Motoring magazine. The team fills an art gallery with motoring-related works to try to prove cars are more popular than traditional art. Also Jeremy test-drives the Noble M600.
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Tonight, I get scared half to death on our track.
We host our own art exhibition and the world champion is in our reasonably priced car.
CHEERING AND APPLAUSE
Thank you, everybody!
Thank you. Hello! Hello and welcome.
Now, a few years ago, we got very excited by this, the Noble M400.
But then the man behind the company that made it upped sticks and left
and then they stopped making it and then the whole operation just disappeared from the radar.
Now though...it's back.
This is what it's come up with.
Designed and built by some blokes I've never heard of on an industrial estate in Leicester,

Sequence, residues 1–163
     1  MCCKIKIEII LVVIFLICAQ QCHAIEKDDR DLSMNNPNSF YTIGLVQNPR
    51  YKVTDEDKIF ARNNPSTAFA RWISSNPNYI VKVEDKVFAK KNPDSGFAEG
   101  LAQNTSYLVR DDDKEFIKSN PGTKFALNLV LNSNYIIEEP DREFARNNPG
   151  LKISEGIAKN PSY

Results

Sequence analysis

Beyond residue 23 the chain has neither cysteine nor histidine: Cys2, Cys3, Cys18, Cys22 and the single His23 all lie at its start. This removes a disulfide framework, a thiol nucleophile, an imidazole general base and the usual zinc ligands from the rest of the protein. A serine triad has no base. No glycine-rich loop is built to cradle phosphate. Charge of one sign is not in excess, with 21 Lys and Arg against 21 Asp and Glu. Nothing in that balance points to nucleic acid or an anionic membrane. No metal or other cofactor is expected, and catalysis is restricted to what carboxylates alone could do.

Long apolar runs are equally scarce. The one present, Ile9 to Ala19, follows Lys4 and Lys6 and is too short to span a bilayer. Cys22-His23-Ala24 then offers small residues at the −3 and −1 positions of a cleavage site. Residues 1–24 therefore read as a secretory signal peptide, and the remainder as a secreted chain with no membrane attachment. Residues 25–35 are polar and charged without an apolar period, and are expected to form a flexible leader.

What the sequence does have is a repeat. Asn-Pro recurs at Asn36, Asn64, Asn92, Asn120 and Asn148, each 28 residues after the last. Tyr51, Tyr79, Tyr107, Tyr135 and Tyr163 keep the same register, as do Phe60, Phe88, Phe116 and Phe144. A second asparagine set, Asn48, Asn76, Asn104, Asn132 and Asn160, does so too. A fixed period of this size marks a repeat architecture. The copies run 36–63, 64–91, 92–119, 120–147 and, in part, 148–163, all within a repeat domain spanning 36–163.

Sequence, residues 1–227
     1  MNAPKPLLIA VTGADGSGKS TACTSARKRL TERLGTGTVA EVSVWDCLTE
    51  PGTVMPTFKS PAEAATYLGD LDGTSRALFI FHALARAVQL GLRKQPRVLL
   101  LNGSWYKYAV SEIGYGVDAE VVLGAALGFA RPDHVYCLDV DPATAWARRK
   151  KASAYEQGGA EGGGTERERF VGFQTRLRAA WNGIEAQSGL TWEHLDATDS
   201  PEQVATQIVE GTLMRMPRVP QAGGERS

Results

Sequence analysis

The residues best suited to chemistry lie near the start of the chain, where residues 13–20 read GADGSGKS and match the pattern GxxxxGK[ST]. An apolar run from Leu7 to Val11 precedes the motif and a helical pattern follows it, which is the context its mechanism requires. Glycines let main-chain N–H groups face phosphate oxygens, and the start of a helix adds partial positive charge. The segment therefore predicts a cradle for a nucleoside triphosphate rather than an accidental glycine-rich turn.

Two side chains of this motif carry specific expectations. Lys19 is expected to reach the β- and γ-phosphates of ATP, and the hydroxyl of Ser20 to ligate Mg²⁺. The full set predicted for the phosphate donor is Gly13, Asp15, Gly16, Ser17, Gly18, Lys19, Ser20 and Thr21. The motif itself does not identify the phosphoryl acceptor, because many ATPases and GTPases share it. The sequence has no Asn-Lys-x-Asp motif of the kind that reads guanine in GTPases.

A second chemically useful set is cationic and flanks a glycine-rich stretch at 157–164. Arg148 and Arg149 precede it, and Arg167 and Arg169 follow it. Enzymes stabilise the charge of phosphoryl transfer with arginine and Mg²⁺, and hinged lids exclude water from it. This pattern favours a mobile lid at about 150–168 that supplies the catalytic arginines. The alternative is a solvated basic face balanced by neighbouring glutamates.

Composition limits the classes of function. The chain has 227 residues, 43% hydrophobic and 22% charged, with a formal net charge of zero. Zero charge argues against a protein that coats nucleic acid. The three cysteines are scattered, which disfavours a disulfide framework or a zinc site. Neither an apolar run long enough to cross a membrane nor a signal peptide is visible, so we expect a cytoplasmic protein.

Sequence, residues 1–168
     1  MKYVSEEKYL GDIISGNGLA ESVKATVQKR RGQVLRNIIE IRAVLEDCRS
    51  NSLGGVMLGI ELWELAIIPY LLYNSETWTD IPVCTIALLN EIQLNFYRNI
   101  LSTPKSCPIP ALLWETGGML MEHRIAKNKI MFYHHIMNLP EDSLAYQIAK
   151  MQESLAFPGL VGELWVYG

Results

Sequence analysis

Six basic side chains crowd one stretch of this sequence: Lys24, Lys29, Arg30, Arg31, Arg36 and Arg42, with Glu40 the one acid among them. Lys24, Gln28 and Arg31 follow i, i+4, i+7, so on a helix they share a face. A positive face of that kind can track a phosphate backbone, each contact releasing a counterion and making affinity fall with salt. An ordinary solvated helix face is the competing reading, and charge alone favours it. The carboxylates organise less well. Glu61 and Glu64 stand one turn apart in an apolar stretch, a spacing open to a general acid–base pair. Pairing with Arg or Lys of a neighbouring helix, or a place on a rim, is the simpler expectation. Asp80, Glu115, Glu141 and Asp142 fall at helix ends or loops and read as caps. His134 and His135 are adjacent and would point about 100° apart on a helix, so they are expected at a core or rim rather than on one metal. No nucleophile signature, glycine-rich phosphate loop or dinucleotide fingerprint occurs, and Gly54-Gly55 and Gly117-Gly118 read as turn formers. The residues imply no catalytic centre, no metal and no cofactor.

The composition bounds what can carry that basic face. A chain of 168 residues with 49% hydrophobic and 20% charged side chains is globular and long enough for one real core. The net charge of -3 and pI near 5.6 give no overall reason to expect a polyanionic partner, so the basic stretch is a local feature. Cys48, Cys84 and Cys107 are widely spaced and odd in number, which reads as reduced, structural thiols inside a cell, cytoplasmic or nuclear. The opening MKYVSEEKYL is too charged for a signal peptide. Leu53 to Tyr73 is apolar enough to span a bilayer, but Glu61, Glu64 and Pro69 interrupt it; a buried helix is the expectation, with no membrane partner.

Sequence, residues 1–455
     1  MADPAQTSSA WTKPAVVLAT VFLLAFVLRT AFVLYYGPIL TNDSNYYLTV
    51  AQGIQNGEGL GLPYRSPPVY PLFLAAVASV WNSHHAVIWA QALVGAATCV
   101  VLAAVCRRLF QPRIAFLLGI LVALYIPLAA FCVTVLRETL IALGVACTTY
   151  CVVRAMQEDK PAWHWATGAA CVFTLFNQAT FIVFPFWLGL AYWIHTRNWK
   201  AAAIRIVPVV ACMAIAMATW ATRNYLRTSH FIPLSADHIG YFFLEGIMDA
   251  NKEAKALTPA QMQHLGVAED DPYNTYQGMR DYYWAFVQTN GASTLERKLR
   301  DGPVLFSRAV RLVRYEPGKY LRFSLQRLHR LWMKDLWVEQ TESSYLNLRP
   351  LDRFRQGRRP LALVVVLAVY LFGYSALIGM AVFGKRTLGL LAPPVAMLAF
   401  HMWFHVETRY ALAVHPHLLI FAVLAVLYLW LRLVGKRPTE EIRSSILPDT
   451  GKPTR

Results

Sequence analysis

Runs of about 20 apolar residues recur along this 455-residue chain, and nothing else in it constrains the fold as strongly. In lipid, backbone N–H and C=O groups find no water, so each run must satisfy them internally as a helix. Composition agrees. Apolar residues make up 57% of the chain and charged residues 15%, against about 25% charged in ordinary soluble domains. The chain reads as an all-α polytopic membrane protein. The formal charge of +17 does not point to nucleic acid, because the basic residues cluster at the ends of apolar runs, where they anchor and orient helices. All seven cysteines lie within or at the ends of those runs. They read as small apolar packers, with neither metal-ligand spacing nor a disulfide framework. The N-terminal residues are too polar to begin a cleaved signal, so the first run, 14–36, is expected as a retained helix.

it's called the M600.
Underneath the rather featureless body,
the chassis is made not from carbon fibre, but stainless steel.
The V8 that powers it is lifted from this.
Yep. It uses the same engine,
albeit with a couple of turbo chargers that Volvo use in the XC90.
So, built in Leicestershire from bits of the Industrial Revolution
and powered by the engine from a Volvo school bus.
And the cost? £200,000.
That does seem like a lot for a car that has no satellite navigation,
no climate control, no airbag.
It doesn't even have anti-lock brakes.
The men from Leicestershire say ABS is just another example
of the nanny state sticking its nose in, and that's very admirable.
But you can't help suspecting the real reason it doesn't have ABS
is because when you're operating out of a industrial unit in Leicestershire,
you can't really afford them.
There's another problem as well.
What kind of person looks at the established range of supercars
and thinks, "I don't like any of them"?
However, it turns out that there is a reason why you might choose a Noble,
rather than a Porsche, or a Ferrari
or a Lamborghini,
or an Aston Martin,
or a McLaren Mercedes.
You see, in terms of sheer speed, the Noble can blow all of that lot
into the middle of last week.
Let me show you what I'm on about here.
I'm currently doing 40mph in second gear. Ready? Foot down.
And there's 60.
40-60 in one second. One!